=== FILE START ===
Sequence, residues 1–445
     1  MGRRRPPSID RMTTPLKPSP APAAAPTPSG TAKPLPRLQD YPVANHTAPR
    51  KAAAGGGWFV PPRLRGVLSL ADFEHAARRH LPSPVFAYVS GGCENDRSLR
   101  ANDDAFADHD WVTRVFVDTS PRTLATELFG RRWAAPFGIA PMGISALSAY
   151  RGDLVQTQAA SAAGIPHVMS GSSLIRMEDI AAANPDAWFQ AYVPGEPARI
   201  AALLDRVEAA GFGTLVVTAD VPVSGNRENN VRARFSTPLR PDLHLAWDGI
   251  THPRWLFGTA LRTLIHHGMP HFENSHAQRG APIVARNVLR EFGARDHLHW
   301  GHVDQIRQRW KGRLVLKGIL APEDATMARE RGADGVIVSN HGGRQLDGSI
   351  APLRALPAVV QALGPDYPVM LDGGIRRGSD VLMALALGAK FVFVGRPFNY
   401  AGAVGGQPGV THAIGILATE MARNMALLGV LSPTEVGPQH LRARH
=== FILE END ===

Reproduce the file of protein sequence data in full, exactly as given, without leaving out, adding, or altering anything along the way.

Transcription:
Sequence, residues 1–445
     1  MGRRRPPSID RMTTPLKPSP APAAAPTPSG TAKPLPRLQD YPVANHTAPR
    51  KAAAGGGWFV PPRLRGVLSL ADFEHAARRH LPSPVFAYVS GGCENDRSLR
   101  ANDDAFADHD WVTRVFVDTS PRTLATELFG RRWAAPFGIA PMGISALSAY
   151  RGDLVQTQAA SAAGIPHVMS GSSLIRMEDI AAANPDAWFQ AYVPGEPARI
   201  AALLDRVEAA GFGTLVVTAD VPVSGNRENN VRARFSTPLR PDLHLAWDGI
   251  THPRWLFGTA LRTLIHHGMP HFENSHAQRG APIVARNVLR EFGARDHLHW
   301  GHVDQIRQRW KGRLVLKGIL APEDATMARE RGADGVIVSN HGGRQLDGSI
   351  APLRALPAVV QALGPDYPVM LDGGIRRGSD VLMALALGAK FVFVGRPFNY
   401  AGAVGGQPGV THAIGILATE MARNMALLGV LSPTEVGPQH LRARH